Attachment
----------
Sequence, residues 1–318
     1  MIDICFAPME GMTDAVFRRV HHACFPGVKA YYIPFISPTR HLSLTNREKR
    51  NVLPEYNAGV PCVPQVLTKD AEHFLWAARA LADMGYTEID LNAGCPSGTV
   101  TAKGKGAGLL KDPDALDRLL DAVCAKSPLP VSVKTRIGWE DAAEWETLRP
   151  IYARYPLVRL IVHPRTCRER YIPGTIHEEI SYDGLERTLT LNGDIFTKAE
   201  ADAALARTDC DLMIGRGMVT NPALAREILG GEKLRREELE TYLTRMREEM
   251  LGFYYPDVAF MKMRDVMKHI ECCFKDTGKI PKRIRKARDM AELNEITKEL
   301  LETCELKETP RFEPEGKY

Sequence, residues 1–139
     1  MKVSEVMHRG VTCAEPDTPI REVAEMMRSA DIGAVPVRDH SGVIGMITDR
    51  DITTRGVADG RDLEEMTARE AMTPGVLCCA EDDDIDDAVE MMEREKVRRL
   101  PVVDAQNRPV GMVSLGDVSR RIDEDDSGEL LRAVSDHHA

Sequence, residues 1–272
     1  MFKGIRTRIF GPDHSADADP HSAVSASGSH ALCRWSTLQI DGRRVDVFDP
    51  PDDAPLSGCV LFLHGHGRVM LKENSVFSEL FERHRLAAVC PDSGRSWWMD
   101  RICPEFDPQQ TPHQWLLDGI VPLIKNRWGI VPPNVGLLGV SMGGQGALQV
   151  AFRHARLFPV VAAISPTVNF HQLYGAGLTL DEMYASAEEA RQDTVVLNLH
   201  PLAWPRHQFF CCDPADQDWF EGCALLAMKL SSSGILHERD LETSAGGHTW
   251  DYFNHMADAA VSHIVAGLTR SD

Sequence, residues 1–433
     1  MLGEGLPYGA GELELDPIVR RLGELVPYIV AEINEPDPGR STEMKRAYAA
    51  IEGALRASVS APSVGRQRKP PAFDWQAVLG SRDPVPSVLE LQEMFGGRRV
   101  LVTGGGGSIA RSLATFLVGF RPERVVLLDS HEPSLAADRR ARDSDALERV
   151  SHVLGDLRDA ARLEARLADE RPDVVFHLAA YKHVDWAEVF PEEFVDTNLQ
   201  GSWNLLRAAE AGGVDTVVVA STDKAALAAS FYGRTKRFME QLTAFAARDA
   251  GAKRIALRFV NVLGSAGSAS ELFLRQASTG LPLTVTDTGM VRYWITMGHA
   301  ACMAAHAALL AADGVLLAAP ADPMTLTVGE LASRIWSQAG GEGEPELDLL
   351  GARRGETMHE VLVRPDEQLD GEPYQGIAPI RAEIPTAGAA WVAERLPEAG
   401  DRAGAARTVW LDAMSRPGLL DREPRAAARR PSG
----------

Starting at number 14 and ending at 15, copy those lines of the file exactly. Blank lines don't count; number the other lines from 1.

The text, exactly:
     1  MFKGIRTRIF GPDHSADADP HSAVSASGSH ALCRWSTLQI DGRRVDVFDP
    51  PDDAPLSGCV LFLHGHGRVM LKENSVFSEL FERHRLAAVC PDSGRSWWMD